Nations in southern Africa protested bitterly on Saturday as more of the world’s wealthiest countries cut them off from travel, renewing a debate over border closures from the earliest days of the coronavirus pandemic and compounding the problems facing poorly vaccinated countries.
A new coronavirus variant called Omicron, first detected in Botswana, put governments on edge after South Africa announced a surge of cases this week, plunging countries into the most uncertain moment of the pandemic since the highly contagious Delta variant took hold this spring.
As in the early days of Delta, political alarm spread quickly across the world, with officials trading blame over how the failures of the global vaccination effort were allowing the virus to mutate, even as researchers warned that the true threat of the new variant was not yet clear.
Bearing a worrying number of mutations that researchers fear could make it spread easily, Omicron was spotted in two patients in Britain on Saturday and another probable case in Germany, leaving in its wake what scientists estimated to be thousands of cases in southern Africa and tens or hundreds more globally. One nation after another shut its doors to southern Africa even as they spurned public health measures that scientists said were far more urgently needed to take on the new variant.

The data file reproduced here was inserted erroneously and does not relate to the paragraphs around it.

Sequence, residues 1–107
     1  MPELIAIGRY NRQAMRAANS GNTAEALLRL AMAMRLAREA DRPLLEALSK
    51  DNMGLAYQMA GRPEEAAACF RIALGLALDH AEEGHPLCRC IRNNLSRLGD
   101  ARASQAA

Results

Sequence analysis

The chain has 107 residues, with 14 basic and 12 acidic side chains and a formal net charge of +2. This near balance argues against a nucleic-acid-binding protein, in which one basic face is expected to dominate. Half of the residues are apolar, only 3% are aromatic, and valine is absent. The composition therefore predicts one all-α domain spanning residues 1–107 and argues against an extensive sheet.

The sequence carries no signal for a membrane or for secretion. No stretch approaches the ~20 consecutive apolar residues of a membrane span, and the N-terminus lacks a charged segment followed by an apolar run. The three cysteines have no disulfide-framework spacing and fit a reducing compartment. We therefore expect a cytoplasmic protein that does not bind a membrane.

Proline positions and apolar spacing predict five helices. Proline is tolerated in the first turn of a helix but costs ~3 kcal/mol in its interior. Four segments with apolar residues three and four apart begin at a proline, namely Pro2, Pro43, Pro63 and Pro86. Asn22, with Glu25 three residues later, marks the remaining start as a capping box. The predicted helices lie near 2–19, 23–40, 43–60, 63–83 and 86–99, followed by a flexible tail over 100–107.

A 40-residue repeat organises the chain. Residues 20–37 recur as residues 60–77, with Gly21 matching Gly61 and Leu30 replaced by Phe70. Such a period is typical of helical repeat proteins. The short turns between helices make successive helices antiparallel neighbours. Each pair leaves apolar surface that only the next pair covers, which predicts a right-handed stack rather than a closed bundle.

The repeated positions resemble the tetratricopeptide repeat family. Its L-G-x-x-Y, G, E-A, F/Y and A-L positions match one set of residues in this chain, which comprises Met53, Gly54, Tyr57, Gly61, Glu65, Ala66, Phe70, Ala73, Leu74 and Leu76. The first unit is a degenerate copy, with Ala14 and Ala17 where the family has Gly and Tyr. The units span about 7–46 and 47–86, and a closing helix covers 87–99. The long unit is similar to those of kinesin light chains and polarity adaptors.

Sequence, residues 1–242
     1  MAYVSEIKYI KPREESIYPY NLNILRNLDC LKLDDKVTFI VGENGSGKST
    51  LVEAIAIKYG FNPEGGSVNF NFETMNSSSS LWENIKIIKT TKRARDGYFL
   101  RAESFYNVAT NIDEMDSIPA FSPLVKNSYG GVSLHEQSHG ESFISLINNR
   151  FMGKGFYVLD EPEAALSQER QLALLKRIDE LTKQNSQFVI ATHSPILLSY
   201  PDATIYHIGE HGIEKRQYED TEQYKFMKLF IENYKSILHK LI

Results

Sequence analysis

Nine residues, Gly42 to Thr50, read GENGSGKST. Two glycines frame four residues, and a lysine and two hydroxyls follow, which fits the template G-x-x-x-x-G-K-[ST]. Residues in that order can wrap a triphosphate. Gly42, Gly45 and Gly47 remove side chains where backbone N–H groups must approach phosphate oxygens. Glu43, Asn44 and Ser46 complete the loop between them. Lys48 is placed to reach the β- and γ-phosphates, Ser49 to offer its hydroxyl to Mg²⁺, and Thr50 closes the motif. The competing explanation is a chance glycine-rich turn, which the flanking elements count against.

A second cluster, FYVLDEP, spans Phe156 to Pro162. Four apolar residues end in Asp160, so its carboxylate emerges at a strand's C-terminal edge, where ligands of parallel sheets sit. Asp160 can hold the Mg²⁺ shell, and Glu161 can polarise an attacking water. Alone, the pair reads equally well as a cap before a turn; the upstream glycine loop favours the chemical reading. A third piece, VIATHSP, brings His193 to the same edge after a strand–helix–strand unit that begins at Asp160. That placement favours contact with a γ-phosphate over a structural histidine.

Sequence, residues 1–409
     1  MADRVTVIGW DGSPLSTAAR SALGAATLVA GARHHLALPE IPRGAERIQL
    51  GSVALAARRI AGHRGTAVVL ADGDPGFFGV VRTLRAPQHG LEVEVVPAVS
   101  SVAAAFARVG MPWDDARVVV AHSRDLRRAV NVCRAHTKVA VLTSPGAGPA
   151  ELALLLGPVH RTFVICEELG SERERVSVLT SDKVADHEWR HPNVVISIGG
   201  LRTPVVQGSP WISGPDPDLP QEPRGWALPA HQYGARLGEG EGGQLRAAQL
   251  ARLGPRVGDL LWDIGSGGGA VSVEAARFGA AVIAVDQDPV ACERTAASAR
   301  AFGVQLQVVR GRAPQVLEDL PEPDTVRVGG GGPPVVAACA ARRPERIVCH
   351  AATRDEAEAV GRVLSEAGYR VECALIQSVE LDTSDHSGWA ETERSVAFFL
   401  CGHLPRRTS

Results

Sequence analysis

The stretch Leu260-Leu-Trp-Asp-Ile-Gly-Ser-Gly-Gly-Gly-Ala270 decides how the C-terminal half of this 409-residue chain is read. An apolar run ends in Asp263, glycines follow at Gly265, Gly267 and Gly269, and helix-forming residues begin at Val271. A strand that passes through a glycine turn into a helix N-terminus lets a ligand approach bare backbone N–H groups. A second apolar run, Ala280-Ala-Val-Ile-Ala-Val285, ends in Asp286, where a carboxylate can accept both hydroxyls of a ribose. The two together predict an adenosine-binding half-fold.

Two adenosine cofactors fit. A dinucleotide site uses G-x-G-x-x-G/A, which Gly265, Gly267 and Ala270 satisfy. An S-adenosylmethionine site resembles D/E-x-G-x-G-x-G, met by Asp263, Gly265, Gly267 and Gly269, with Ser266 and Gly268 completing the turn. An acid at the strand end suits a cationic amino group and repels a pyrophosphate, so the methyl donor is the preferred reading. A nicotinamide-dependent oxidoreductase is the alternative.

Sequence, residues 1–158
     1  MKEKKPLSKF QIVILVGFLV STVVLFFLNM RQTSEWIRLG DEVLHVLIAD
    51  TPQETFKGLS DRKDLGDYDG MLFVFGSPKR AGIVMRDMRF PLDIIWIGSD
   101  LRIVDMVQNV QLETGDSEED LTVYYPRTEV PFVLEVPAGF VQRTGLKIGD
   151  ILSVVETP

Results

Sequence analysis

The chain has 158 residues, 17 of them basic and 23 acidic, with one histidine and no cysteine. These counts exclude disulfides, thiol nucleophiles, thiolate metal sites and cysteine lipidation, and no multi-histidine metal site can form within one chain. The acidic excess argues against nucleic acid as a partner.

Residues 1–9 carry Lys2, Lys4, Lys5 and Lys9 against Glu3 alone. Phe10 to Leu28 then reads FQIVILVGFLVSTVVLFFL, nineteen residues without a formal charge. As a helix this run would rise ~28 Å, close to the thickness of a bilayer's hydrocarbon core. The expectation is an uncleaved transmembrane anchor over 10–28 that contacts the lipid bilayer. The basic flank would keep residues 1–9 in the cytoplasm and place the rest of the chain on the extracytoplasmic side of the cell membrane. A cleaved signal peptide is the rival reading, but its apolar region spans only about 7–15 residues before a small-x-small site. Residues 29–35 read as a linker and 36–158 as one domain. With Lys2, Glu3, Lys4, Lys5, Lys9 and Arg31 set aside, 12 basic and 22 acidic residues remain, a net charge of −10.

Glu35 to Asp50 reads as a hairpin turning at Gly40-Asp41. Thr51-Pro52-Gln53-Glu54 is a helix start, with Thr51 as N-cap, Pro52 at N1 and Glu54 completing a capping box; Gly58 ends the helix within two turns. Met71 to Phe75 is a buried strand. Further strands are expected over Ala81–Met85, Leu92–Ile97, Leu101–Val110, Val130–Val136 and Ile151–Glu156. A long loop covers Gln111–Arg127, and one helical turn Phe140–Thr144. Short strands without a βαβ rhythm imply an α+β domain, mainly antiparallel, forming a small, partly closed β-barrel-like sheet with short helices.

Australia, Thailand and Sri Lanka were among the latest countries on Saturday to join the United States, Britain and the European Union in banning travelers from South Africa and nearby countries. Health officials in the Netherlands announced that 61 passengers on two flights from South Africa had tested positive for the virus, the latest indication of how difficult it might be to stop the variant from crossing borders.
In poorer African nations, the cascade of travel closures triggered a wave of resentment among people who believed that the continent was yet again bearing the brunt of panicked policies from Western countries, which had failed to deliver vaccines and the resources needed to administer them.
Richer countries, having already hoarded vaccines for much of 2021, were now penalizing parts of the world that they had starved of shots in the first place, scientists said.
“Told you so,” said Francois Venter, a researcher at University of the Witwatersrand in Johannesburg, referring to warnings from African researchers that delaying vaccinations there risked the emergence of new variants. “It feels like these rich countries have learned absolutely nothing in terms of support.”
The sense of outrage was most visceral in South Africa, where business leaders predicted a dire economic toll, especially on tourism. In the arrivals halls of Johannesburg’s O.R. Tambo International airport, Ronald Masiwa, a tour operator, watched with dread as the information board flipped to red, displaying cancellation notices. Three clients had already canceled trips overnight, and he feared that many more would follow.
Some health officials said that the travel bans may buy some time to figure out how to deal with the new variant. But just as border closures a year ago did little to stop the spread of an earlier coronavirus variant…